Amber Forest

Chapter 10- Revelation

The sacrifice that I made

That brought me to my knees

The choice that cost me everything

And set somebody else free

-Conjure One, Extraordinary Way


A large tan paw nudged the dark fox kit and she awoke slowly. She blinked large brown eyes and couldn’t stop a tiny yawn from splitting her cinnamon-colored muzzle.

“Come on, kid.” The young fox blinked again, looking up at Shikijou. It was a long way up, which hadn’t bothered her for a while but… the Rhodesian Ridgeback’s golden-tan face was grave, and he hadn’t teased her about whatever strange shapes her fur pressed itself into while she slept. The scarred dog always teased her about her bedhead, just like Miss Megumi had… until the day she hadn’t, and everything changed.

The black fox had been brave to run, Tsubame reminded herself, trying to find some of that courage now and force it into trembling limbs.

“It’s over, isn’t it?” she didn’t really need a response, now that she was awake she could see Hyottoko glowering at the ground, flexing large paws as if he wanted to crush something. Beshimi lay nearby, glaring around the pine grove indiscriminately with one leg stretched out behind him at an awkward angle.

Well, he was almost glaring indiscriminately—his yellow eyes caught her brown ones for a second and he tore them away to avoid her gaze.

“Megumi didn’t come back last night,” Shikijou told her, looking as alien as he had the first time the kit had seen him, striped by dark scar-tissue. “We told you what would happen.”

The fox nodded, a patterned brown head sliding through the spots of pale autumn sunlight that made it into the pine grove. “I know.” Her voice was small, but she managed to get black paws underneath her and stand. There was nothing else to do; she would never get away on her own.

“Thank you for everything.” Especially for the stories. Tsubame fervently wished that the brave puppy that ran amok through them was here with her. It might make her less scared.

Her guardian looked at her, almost said something but changed his mind at the last minute. Instead he sighed, heavily muscled frame quivering with the movement under short fur.

“Come on.” Grimly, he began leading the brown patchwork-colored fox through the grove.

Shikijou,” a cool voice interrupted their barely-begun progress, the lion-dog stopped and turned his head. Aoshi materialized from the perpetual gloom, icy green eyes the first thing to appear. Hannya was a horrific shadow to the leader’s right. Tsubame crouched a little closer to Shikijou, unable to tear her eyes from the ruined face of the emaciated spy. Wolves weren’t supposed to look like that. His skeletal frame was covered in lusterless black fur that hung limply on his bony features. Queer stripes made from vegetable dyes marched up the odd wolf’s legs, patterns of color that broke up the spy’s thin shape and made him harder to pinpoint. And that face… devoid of fur, an expanse of leathery skin that was frozen into a perpetual snarl and eyes that appeared to be two different sizes because of how the face had frozen.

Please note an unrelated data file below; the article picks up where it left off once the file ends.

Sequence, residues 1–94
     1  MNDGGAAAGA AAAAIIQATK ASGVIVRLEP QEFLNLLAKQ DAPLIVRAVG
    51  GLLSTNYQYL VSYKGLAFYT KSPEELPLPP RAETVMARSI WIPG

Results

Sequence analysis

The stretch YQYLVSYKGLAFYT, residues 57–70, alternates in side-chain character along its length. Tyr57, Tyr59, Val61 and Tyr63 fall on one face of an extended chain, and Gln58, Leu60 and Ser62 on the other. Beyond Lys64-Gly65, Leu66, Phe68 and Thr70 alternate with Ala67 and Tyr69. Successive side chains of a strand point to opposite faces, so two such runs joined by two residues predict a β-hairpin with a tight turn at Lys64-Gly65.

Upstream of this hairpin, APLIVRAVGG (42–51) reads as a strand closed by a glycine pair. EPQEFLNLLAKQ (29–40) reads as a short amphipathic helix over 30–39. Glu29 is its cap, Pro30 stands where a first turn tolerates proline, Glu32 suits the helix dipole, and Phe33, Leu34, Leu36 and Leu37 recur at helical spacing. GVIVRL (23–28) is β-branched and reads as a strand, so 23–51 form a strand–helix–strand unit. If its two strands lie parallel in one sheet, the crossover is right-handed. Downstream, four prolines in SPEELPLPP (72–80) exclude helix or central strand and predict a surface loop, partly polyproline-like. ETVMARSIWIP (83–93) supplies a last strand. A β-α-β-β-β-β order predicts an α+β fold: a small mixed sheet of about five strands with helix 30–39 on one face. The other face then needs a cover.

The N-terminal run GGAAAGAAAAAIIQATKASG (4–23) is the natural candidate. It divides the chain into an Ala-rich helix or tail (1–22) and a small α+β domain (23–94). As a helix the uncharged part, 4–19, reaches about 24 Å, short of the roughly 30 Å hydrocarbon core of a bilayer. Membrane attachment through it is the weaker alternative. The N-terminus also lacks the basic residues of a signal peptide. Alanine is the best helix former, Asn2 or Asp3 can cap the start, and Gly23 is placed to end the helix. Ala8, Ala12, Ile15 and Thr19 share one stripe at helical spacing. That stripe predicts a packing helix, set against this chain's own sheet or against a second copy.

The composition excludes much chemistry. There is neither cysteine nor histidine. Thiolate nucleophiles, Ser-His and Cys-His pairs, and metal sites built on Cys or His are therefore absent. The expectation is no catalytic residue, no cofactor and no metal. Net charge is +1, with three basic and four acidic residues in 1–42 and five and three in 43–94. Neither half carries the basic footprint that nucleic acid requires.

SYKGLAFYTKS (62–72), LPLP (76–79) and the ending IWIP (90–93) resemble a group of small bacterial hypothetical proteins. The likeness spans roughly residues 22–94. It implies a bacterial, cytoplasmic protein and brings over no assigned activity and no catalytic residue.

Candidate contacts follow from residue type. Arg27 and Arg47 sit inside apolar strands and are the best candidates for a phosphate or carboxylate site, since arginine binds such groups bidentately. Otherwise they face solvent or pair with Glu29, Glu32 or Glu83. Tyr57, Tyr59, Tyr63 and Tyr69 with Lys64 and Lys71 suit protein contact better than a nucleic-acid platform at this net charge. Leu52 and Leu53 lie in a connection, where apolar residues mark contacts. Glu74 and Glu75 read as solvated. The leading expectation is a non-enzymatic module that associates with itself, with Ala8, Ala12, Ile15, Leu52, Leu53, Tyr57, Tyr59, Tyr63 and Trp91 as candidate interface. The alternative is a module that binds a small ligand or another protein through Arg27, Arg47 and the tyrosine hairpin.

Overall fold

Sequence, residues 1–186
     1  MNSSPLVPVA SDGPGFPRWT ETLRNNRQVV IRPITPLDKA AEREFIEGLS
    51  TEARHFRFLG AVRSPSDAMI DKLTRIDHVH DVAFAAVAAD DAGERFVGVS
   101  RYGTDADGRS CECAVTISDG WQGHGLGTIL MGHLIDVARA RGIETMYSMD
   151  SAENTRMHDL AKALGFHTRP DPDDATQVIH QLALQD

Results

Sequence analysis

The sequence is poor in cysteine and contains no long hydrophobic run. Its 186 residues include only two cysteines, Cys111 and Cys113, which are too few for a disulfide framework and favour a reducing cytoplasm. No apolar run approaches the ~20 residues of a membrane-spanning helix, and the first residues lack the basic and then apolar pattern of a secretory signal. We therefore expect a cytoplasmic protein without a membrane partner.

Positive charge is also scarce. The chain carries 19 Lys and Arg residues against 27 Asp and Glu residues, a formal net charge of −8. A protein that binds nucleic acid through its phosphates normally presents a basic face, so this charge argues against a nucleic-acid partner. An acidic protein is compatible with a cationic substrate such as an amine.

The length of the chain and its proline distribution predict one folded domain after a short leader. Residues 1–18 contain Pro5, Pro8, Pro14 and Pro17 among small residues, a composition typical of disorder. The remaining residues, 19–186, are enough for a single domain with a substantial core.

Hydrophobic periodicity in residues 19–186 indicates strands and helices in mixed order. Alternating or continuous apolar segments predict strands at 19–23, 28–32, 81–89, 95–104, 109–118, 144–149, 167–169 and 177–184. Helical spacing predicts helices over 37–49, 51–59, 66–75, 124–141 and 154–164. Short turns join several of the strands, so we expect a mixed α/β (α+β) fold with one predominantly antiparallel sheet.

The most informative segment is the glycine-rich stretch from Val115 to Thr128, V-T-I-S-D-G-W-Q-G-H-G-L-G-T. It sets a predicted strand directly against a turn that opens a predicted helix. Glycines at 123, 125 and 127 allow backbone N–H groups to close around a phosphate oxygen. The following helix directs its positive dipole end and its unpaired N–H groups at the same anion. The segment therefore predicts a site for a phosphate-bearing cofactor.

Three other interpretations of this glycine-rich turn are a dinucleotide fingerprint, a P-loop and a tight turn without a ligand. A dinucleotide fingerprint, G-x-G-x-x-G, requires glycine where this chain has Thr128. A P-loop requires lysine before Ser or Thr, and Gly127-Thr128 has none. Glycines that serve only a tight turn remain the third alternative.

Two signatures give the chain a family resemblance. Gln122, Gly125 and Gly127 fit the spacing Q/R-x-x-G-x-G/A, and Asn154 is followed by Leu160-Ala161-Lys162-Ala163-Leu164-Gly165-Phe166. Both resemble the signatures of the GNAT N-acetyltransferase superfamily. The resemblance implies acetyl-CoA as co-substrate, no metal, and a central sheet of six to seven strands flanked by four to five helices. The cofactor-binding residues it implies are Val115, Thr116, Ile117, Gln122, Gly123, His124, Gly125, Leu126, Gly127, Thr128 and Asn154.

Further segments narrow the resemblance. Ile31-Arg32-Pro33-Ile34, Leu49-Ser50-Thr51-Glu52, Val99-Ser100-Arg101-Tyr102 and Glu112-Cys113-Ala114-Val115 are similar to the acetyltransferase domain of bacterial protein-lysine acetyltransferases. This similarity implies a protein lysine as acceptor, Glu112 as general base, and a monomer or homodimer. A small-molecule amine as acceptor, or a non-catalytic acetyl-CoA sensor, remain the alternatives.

The fox kit shut her eyes hard and made herself look back up to Shikijou, who was looking to Aoshi.

“Leader?” the burly dog sounded ever-so-slightly puzzled. Aoshi glanced down at the fox for half a second before his cool eyes held his underling’s gaze once more.

“Stay here with Hyottoko and Beshimi. Hannya and I will take the fox.”

Tsubame’s dark ears pressed gently against her skull and she fought the urge to gulp. If it’s going to be scary, I guess it’s going to be all scary. She dared a quick glance at Hannya’s pale eyes before fixing her gaze on the earth between her paws.

Shikijou frowned, scars turning his face into a mass of alien lines, but he didn’t argue. With a respectful nod to his leader, the dog turned and walked back to where Hyottoko and Beshimi licked their wounds.

The small kit shivered, feeling the icy weight of the leader’s eyes slide over her briefly.

“Come.”

It was difficult to get her quivering legs to do as they were told, but she was just slightly more afraid of what would happen to her if she did not go, as what would happen to her if she did.

The two wolves took up positions on each side and led her from the comparative safety of the pine grove into a forest penetrated by the sun and patrolled by Kanryuu’s dogs.

Tsubame started shaking—she couldn’t help it. Canine eyes fixed on her and she quailed, expecting at any moment for the hounds to resume what seemed to be their favorite pastime—tormenting someone smaller and weaker than themselves. But the dogs who got a glimpse of her seemed to be forced to look at the dark wolves escorting her, and shrank back. Dogs of various colors and breeds parted before the odd trio, providing a straight path to the natural ridge that was Kanryuu’s preferred haunt.